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5 Nov 2014

A team of University of Waikato engineering students is building a Formula SAE vehicle for next month’s international Formula SAE-A Competition and involves 600 universities worldwide.

The Wesmo team funds, designs and builds their own Formula SAE car with the help of sponsorship and competes in the Australasian division ("Formula SAE-Australasia").

UniRec is sponsoring the team of 15, five of which are drivers so that they are all fit and ready to compete in Melbourne next month in what is a very physically demanding sport.

UniRec caught up with Ryan Belworthy, head of business and one of the drivers for this year’s team to get an update on where they’re at as they modify and rebuild last year’s vehicle in time for next month’s competition.

Ryan has 6 years of motorsport experience behind him and is using this to help develop the other drivers along with a fitness training programme from UniRec. The drivers are looking to be in good shape for the competition.

“At the moment I’m spending about 3-4 days at UniRec working on my fitness. My programme includes high intensity, weights and cardio. All contribute to being able to handle the Formula SAE better and that’s the main goal. Showcasing what the team has done to the modified vehicle and making sure it dominates at competition is to a large degree up to the ability of the drivers as the biggest points gathering event is the endurance race.”

 Over the past week the Wesmo team has been hard at work with engineers flat out working 19 hour days for the past week just to get the vehicle assembled.

“Materials arrived a few weeks ago and the components that we could not manufacture ourselves have arrived in the past week. The aim is to get the engine tuned on Monday which needs to be done in Wellington, get everything put in the car and sort out the bodywork.

“This year we’re going with a full carbon fibre body, rather than the fibre glass the team used last year which will help to save weight and increase performance.

“The main focuses this year are on simplicity and refinement. We have designed 'paddle gear shifters' that sit behind the steering wheel so the drivers are able to have two hands on the wheel at all times. The left paddle has a clutch paddle within it enabling the drivers to brake with their left foot which should result in later and more controlled braking. We have also redesigned the suspension geometry to assist with handling and creating a car that is easier to drive,” Ryan says.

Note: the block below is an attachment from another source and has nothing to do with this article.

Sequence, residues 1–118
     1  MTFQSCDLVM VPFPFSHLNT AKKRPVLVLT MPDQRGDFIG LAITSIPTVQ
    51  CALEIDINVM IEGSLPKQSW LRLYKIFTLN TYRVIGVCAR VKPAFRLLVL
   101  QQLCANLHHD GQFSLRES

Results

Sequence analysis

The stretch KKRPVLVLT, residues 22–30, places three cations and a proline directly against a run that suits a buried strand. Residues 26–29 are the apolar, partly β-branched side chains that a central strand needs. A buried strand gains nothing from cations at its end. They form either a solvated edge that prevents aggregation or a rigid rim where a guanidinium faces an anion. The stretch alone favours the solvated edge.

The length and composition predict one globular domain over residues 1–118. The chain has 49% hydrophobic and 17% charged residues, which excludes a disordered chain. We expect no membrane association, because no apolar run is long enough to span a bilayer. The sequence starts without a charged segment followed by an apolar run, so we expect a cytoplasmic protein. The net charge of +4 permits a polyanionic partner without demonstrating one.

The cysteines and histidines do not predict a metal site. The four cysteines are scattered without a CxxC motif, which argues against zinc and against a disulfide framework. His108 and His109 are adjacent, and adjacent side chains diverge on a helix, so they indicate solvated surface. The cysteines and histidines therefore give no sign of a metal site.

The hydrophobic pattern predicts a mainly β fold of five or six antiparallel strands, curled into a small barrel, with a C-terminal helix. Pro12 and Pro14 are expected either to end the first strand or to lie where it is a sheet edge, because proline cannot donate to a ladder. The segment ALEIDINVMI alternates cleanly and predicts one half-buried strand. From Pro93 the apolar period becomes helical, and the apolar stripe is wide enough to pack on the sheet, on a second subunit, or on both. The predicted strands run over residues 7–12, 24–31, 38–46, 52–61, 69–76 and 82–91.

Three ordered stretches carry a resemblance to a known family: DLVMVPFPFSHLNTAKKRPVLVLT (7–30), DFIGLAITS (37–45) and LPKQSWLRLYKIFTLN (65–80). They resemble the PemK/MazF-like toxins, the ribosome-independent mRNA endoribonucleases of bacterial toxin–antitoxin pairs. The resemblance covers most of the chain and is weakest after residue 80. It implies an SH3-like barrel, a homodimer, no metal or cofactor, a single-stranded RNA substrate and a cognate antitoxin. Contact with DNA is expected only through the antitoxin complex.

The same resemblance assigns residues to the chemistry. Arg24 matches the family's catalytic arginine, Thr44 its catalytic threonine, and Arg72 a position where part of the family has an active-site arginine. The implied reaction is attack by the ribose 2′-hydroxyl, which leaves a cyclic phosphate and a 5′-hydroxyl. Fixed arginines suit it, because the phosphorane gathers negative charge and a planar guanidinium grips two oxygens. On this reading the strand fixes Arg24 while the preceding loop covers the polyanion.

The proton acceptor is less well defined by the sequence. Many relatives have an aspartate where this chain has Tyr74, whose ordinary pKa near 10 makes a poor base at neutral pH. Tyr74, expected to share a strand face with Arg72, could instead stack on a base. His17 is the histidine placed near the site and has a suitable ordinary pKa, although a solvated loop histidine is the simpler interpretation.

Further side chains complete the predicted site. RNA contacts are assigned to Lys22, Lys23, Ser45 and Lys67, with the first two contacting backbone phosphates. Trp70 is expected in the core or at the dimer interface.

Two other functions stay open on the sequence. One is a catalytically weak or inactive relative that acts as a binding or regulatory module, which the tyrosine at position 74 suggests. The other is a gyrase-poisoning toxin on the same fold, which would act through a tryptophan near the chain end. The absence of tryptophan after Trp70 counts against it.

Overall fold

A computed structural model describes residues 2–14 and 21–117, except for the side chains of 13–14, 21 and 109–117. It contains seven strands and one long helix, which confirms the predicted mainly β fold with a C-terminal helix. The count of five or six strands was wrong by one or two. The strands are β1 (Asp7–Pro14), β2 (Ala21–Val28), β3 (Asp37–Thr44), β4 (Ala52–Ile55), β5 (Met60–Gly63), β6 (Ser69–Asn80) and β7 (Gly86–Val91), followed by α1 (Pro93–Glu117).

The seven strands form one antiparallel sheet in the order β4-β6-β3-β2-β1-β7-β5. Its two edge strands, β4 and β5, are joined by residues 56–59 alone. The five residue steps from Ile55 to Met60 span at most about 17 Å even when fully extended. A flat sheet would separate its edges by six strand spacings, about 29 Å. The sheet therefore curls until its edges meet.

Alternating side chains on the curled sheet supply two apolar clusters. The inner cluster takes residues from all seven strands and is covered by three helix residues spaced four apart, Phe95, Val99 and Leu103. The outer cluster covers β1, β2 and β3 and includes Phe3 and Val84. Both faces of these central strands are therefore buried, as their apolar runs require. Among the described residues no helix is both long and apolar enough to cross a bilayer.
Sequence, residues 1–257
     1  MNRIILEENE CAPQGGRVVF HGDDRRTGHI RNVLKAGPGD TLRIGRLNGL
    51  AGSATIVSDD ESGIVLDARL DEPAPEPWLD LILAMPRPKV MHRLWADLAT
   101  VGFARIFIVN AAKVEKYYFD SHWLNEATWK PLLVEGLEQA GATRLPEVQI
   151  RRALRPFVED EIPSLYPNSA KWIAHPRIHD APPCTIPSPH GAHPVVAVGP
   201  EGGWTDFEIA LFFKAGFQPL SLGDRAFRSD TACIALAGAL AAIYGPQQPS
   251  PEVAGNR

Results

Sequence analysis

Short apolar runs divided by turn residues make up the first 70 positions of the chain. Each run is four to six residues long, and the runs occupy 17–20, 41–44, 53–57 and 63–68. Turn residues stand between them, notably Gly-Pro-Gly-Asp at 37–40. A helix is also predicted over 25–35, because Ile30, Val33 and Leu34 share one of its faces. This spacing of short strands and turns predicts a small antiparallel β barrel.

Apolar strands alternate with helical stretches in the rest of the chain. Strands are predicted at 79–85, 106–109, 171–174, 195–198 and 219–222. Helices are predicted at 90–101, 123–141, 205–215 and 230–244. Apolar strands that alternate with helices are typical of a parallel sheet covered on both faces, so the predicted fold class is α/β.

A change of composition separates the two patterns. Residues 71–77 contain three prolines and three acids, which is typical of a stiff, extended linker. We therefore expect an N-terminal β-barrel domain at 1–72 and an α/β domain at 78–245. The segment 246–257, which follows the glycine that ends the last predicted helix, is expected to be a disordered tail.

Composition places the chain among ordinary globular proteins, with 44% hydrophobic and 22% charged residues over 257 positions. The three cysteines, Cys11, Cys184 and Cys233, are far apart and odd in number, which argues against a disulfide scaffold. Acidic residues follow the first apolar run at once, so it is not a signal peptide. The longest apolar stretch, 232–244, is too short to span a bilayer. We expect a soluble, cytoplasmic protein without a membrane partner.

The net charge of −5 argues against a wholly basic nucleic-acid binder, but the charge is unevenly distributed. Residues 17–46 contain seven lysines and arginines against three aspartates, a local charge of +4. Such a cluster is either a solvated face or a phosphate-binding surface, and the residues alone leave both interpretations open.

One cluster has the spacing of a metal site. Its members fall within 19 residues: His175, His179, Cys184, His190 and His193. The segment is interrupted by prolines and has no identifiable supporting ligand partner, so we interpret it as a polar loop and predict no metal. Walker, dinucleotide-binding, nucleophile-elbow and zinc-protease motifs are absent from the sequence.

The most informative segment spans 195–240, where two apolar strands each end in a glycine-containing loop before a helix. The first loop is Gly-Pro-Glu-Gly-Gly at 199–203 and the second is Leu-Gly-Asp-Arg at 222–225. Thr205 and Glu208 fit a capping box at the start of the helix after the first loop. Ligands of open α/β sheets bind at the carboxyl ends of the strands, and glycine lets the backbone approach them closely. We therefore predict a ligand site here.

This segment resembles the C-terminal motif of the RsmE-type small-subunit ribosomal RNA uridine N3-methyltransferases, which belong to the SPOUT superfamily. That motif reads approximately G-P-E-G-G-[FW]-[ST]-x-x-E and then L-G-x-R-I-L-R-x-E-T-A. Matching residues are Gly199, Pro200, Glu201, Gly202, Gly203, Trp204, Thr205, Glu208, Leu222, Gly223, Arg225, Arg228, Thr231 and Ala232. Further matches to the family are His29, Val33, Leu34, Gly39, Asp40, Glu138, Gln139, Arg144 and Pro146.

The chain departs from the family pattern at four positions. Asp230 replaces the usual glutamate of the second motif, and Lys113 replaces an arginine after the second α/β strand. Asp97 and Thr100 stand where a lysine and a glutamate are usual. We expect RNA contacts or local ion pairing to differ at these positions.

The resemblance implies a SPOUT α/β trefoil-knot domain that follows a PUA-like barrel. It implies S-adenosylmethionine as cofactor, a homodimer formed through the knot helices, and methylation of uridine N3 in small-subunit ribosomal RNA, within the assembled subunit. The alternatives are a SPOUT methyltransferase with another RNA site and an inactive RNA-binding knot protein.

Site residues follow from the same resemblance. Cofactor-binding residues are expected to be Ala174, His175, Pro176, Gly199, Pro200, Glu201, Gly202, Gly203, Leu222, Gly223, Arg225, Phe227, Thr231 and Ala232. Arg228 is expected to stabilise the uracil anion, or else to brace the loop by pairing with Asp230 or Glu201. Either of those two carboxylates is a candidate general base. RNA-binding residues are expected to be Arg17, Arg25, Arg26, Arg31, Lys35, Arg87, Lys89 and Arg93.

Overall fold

The global competition consists of ‘static’ and ‘dynamic’ events where points earned contribute to teams’ overall scores.

Static events include design justification; cost analysis, and presentations where the car is judged based on the design decisions made and its cost effectiveness, along with the team’s ability to make a good sales pitch.

Dynamic events include acceleration; skid pad, autocross, and endurance events. These are used to determine the cars race performance and handling which also justify the quality of the design.

Last year, the team was 6th, giving the team a rank of number 87 in the world. This year they are aiming to improve on that result.

Watch this space for the next update from the University of Waikato WESMO team soon.


In 2014 the team is redesigning and modifying the current car with the aim of improving drivability, and overall performance. Many of the design decisions are based on feedback from the previous year’s competition. This year the main improvements are focused on for the new design including; reducing car weight, improving driver ergonomics, increasing useable power and redesigning the body shell to improve aerodynamics. 

The designs are regulated by a set of rules to generate an even playing field.

The Australasian division event: Melbourne, 11-14 December 2014

The University of Waikato’s WESMO team formed in 2006 and has competes in the Australasian division.

Formula SAE-A point allocations:


Static Events










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Skid Pad






Fuel Efficiency






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